retail news in context, analysis with attitude

by Kevin Coupe

Yesterday, MNB took note of a New York Times piece about improvements being made in the boxed wine category. Well, from the ridiculous to the sublime...

The New York Times also is reporting on another wine trend - a move toward draft wine that is taking place in New York City, fueled at least in part by a keg wine company called the Gotham Project.

Here’s how the Times frames the story:

“Serving some wines by the glass straight from the barrel has long been a practice in Europe, and it slowly began catching on in California seven or eight years ago. In New York, Daniel Boulud’s downtown outpost, DBGB, and City Winery, which opened in 2009, also pour wines on tap.

“But at a growing number of restaurants, many of them trendy locavore spots known as much for their cutting-edge attitudes as for their culinary prowess, the draft wine comes from Gotham, which was founded in 2010. Gotham installed its first tap, dispensing riesling, at Terroir Tribeca when it opened in April 2010.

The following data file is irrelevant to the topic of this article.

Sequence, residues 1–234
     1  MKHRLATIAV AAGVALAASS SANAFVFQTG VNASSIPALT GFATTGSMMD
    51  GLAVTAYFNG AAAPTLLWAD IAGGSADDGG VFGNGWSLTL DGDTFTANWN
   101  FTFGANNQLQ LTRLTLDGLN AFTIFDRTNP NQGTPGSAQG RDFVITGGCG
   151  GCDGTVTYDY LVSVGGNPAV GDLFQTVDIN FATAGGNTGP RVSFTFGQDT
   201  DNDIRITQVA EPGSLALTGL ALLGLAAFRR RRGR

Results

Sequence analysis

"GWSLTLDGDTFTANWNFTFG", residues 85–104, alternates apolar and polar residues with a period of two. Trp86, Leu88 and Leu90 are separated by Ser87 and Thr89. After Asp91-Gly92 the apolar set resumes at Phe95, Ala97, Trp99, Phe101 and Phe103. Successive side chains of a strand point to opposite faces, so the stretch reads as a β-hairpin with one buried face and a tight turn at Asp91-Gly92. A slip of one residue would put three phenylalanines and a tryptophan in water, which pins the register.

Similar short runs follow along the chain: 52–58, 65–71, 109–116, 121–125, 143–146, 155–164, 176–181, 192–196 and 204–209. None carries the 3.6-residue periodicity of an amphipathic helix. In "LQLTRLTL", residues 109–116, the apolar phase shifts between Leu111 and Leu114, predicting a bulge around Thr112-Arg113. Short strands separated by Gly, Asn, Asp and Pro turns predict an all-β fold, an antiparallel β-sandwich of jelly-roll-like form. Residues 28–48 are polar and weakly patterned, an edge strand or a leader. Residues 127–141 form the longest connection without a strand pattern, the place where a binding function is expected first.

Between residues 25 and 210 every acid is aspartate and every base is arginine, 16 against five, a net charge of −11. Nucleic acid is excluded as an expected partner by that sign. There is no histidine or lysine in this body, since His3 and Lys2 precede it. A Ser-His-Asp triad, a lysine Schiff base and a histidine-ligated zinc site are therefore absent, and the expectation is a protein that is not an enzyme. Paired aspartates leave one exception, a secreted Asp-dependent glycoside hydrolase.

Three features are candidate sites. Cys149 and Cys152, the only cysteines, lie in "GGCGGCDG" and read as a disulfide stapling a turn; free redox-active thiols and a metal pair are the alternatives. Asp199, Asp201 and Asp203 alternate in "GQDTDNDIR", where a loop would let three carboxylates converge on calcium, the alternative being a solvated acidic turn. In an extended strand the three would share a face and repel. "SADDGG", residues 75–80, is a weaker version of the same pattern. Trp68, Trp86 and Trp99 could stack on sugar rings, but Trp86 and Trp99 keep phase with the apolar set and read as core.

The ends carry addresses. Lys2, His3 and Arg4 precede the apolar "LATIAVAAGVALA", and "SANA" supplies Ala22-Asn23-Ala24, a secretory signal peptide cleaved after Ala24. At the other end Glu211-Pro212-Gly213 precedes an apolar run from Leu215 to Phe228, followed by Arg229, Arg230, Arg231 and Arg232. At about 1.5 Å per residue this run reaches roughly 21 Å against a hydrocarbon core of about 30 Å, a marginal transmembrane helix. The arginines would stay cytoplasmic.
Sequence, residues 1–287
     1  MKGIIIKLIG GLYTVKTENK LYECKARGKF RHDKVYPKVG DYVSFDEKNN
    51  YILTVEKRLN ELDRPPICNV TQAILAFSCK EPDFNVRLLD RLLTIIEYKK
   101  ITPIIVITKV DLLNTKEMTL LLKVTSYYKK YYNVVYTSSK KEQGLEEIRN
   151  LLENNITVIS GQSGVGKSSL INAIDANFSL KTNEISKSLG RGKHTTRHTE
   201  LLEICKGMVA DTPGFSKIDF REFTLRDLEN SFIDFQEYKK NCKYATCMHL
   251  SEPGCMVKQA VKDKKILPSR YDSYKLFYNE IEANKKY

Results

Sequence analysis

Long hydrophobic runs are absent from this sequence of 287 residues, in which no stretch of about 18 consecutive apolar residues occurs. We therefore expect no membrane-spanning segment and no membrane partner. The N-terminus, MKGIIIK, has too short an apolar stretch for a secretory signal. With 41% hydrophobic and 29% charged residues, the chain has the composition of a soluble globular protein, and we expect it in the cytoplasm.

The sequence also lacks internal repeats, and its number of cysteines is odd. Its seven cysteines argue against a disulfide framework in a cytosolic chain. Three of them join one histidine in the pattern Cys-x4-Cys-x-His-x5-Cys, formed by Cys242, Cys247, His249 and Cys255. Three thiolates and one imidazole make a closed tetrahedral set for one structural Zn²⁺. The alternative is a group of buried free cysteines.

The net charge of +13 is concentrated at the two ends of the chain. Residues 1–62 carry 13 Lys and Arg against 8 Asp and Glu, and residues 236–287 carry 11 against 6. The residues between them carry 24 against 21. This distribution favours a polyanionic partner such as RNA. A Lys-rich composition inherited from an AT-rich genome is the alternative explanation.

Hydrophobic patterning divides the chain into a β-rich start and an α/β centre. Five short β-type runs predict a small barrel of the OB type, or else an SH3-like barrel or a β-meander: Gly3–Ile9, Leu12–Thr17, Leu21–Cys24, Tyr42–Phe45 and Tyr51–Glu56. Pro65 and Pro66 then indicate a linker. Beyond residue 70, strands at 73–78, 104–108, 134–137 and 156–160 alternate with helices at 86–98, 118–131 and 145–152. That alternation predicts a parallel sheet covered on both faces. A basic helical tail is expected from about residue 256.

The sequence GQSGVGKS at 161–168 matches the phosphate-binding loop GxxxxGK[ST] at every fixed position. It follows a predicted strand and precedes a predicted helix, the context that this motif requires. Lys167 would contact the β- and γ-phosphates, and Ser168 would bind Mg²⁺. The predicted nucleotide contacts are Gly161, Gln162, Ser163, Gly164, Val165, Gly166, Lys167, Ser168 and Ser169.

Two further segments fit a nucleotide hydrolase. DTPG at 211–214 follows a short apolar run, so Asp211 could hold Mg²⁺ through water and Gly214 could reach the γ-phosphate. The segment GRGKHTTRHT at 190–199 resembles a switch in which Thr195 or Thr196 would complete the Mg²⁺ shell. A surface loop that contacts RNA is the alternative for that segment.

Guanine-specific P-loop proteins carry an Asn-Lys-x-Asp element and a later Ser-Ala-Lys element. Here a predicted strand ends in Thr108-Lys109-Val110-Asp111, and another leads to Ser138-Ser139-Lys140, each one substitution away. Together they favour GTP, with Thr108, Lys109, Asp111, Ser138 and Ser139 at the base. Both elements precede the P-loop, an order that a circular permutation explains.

“Charles Bieler and Bruce Schneider, founders of the company, say the kegs are not just a gimmick — they are dedicated to changing the way Americans drink wine. ‘We’re not just selling a concept; we’re selling a better glass of wine,’ Mr. Bieler said.

“The benefits, according to Mr. Bieler and Mr. Schneider, include freshness, eco friendliness and convenience. Besides, the idea of wine from a keg is kind of cool — and the moment just felt right.”

This is almost too much for me to handle at this hour of the is kind of cool, and seems so much more interesting than getting wine out of a box.

But the Eye-Opening thing about both this story and the improvement in boxed wines, I think, is that neither approach seems to be focusing on the lowest common denominator when it comes to actual product. They’re reaching for something better, which is really all I ask of any company that makes anything.
KC's View: